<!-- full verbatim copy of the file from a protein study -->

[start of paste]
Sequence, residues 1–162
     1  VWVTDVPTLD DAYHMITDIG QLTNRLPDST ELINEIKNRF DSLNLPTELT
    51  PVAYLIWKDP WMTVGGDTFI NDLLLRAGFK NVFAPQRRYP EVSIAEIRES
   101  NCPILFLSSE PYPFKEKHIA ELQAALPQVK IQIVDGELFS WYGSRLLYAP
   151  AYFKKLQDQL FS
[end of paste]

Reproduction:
Sequence, residues 1–162
     1  VWVTDVPTLD DAYHMITDIG QLTNRLPDST ELINEIKNRF DSLNLPTELT
    51  PVAYLIWKDP WMTVGGDTFI NDLLLRAGFK NVFAPQRRYP EVSIAEIRES
   101  NCPILFLSSE PYPFKEKHIA ELQAALPQVK IQIVDGELFS WYGSRLLYAP
   151  AYFKKLQDQL FS